Main findings

  • Nearly all countries now have legal and operational frameworks to address money laundering and confiscate proceeds of crime;
  • Most countries are not achieving the expected results for convictions and confiscations. The number of investigations and prosecutions are often small in comparison to risks;
  • Often where investigations and prosecutions do occur, confiscations and asset recovery measures do not occur as part of the action;
  • Money laundering investigations are more likely to be for self-laundering or non-complex cases. As a consequence, only a small fraction of the proceeds of crime is being recovered;
  • More should be done by FATF and FSRBs around investigations and prosecutions, particularly around asset recovery, to deprive criminals of their proceeds and instrumentalities of crime.

7. Terrorist and proliferation financing

This Standard highlights that FATF plays a central role in global efforts to combat terrorist financing; and, provides a comprehensive framework that gives countries the tools they need to combat terrorist financing.

Indicators where countries performed well

Countries that performed well were able to demonstrate:

  • Terrorist financing is adequately integrated into the country's counterterror strategy;
  • A strong and demonstrated understanding of terror financing risks, including low risk or where the acts may not occur in the country;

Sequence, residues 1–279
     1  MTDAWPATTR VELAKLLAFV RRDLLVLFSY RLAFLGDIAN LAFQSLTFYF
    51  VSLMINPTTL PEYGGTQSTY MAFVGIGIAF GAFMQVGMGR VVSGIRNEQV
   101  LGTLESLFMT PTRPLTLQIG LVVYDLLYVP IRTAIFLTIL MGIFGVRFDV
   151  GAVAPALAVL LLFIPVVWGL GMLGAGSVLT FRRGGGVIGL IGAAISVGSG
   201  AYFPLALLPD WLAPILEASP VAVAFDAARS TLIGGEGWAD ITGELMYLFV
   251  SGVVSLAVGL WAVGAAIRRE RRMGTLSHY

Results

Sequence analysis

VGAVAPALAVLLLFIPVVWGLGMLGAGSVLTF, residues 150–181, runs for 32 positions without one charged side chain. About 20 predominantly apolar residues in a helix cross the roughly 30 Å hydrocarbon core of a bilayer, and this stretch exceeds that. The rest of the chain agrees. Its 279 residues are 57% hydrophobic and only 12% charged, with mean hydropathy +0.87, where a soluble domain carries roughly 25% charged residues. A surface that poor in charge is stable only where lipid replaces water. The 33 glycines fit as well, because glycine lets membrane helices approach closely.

• Authorities can prove the ability to conduct parallel financial investigations during terrorism cases;
  • The legal framework enables terrorism finance prosecutions;
  • NPOs most at risk of abuse from terrorist organisations are identified and risks mitigated in a targeted manner;
  • Non-criminal or administrative process are used by countries to implement targeted financial sanctions against designated persons and entities;
  • Countries have clearly identified procedures implemented for: designation/listing; freezing/unfreezing; delisting; and, granting exemptions for targeted financial sanctions;
  • Countries have mechanisms for providing guidance to relevant sectors to understand the risks arising from breach, evasion or non-implementation of UN targeted financial sanctions related to proliferation;
  • Countries have identified competent authorities who co-operate and co-ordinate on policies related to CPF.

Main findings

  • Countries have made progress in implementing frameworks to fight terrorist financing and the financing of proliferation of weapons of mass destruction;
  • There needs to be more focus on effectively using the framework to investigate and prosecute these crimes, transpose UNSC designations without delate and freeze or confiscate assets with links to terrorism or proliferation across the Global Network.

Concluding remarks

FATF have made it clear that the fifth round of assessments will be more timely, risk-based and effective; and, will include:

  • a significantly shorter mutual evaluation cycle, so that countries get assessed more frequently;
  • greater emphasis on the major risks and context to ensure that countries focus on the areas where the risks are highest; and
  • a results-orientated follow-up assessment process, which will focus on specific actions to tackle money laundering, terrorist financing and the financing of WMD.

In terms of what this means for the Bailiwick of Guernsey: while it feels like we have a proactive government, legislature, regulator and industry all focused on ensuring that Guernsey is the very best it can be, and has adopted a framework appropriate for the islands, ultimately we must embrace the 2024 MONEYVAL visit and then await its findings.